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I have a lot left to do still, and the next step is plumbing. I have drilled the three holes for the beananimal overflow, and am ordering the glass for the overflow box tomorrow, as well as the glass for the baffles in the sump. I will update when I have some more progress.


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Old 12/07/2014, 07:31 PM   #13
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Looks like it's gonna turn out nice!


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Old 12/07/2014, 09:01 PM   #14
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Very nice!


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Old 12/08/2014, 08:13 AM   #15
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Quote:
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Looks like it's gonna turn out nice!
Quote:
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Very nice!
Thank you!


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Old 12/08/2014, 09:33 PM   #16
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Very Nice, I have the exact same tank and will be following your build. I plan to use the factory stand with a 10 gallon sump.


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Old 12/09/2014, 07:24 AM   #17
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Very Nice, I have the exact same tank and will be following your build. I plan to use the factory stand with a 10 gallon sump.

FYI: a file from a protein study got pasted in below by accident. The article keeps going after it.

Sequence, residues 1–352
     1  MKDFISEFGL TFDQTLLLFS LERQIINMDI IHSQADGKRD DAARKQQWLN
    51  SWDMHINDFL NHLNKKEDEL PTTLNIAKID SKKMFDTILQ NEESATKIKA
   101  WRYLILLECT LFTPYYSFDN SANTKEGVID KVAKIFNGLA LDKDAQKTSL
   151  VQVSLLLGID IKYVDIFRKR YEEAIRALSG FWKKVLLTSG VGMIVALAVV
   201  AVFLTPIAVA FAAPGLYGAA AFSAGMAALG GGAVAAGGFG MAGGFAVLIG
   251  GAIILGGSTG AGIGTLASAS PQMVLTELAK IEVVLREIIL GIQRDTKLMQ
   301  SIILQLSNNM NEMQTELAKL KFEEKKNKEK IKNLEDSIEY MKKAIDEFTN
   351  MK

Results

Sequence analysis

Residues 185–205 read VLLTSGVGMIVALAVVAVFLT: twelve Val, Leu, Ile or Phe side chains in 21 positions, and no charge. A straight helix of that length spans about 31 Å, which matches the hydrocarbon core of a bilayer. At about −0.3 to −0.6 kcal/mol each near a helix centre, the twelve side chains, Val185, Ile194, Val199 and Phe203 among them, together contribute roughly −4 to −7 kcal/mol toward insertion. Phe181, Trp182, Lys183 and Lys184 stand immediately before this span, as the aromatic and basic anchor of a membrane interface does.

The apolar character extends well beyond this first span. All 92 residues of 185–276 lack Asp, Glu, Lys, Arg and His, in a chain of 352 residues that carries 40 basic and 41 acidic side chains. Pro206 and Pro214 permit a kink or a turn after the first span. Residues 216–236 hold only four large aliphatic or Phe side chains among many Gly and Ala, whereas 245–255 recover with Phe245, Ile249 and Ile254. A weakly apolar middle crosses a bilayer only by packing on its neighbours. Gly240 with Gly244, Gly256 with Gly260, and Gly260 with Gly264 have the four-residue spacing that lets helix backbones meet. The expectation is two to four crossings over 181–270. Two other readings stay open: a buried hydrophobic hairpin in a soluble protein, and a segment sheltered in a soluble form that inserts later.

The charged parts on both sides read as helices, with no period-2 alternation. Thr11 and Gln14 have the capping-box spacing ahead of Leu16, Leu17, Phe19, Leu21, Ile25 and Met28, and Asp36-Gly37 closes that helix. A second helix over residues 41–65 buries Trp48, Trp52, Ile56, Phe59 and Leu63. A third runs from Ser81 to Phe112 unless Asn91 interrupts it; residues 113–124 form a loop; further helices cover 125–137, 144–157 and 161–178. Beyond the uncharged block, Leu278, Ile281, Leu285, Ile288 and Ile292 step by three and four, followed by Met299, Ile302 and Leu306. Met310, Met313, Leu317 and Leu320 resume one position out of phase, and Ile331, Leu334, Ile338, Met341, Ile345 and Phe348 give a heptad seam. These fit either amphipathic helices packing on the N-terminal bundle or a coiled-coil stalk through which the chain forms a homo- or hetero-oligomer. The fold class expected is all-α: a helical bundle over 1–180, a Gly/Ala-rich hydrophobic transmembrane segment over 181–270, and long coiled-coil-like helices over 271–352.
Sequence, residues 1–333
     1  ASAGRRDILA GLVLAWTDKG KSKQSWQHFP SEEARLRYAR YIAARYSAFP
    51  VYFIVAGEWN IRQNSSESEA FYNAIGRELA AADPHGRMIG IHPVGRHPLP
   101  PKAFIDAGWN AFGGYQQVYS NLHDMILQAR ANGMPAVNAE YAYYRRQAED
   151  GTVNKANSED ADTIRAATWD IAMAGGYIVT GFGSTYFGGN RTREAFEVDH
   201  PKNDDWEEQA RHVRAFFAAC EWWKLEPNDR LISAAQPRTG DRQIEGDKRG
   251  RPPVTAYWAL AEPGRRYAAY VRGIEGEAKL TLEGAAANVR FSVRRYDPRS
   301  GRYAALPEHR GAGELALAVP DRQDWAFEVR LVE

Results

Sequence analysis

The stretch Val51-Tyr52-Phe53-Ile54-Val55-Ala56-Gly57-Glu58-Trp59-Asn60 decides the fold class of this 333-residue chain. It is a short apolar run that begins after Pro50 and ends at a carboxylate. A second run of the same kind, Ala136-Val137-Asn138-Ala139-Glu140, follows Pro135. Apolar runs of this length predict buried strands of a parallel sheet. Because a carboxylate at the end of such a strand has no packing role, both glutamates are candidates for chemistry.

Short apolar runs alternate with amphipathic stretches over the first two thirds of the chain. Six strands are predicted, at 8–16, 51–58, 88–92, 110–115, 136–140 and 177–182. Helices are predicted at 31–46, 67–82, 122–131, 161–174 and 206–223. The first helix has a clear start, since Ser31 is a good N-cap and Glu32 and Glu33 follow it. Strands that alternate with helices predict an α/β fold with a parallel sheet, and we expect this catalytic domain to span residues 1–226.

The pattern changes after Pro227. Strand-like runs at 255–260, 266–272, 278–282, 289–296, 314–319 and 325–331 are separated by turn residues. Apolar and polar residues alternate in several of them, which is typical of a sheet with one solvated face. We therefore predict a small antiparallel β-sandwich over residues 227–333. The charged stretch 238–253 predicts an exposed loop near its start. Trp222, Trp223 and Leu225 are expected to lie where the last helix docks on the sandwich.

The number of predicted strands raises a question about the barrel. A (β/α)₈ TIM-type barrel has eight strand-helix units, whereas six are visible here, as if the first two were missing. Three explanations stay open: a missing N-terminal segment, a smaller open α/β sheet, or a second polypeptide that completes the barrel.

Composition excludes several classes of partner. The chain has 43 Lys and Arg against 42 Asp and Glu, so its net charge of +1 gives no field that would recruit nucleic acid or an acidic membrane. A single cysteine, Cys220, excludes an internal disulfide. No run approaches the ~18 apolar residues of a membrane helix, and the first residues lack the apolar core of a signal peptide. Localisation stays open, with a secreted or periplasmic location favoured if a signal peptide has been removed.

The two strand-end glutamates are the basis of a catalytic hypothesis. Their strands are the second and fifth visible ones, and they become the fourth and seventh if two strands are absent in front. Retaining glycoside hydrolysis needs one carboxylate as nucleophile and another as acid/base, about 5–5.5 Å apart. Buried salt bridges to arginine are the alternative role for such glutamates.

Sounds like a good plan and good luck. I will be following yours as well if you end up starting a build thread.

I was originally going to use the factory stand with a 10 gallon as a sump also, but I didn't like the lack of space down there for a skimmer and other equipment. Luckily I also had a spare closet accessible to open up my options a bit.

Thanks for the support!


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Old 12/09/2014, 07:45 AM   #18
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I have built the stands for the sump and for the refugium, which will sit to the right of the sump and about 15" higher up. I still have to waterproof the two stands.
I have also drilled the holes in the wall for the 3 overflows, and made some progress on plumbing.

Here are some pics of the closet I will be using. In the second picture you can see the 3 holes in the wall for the overflow plumbing, which will empty into the 20L that is seen in the bottom right.




From inside the closet, you can see the 20G high on the right, which has a 1.5" bulkhead to dump back into the 20L behind it.


Here is an opposite view of inside the closet. Tank on the left is the 20G high refugium. The two 20G brute trash cans will end up as a water mixing station, one having saltwater and the other having RO. I have to add a QT tank somewhere in there as well.



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Old 12/09/2014, 08:05 AM   #19
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I'd suggest you find a good way to ventilate the closet extremely well or you are going to have a mold problem in time.
Everything looking extremely nice.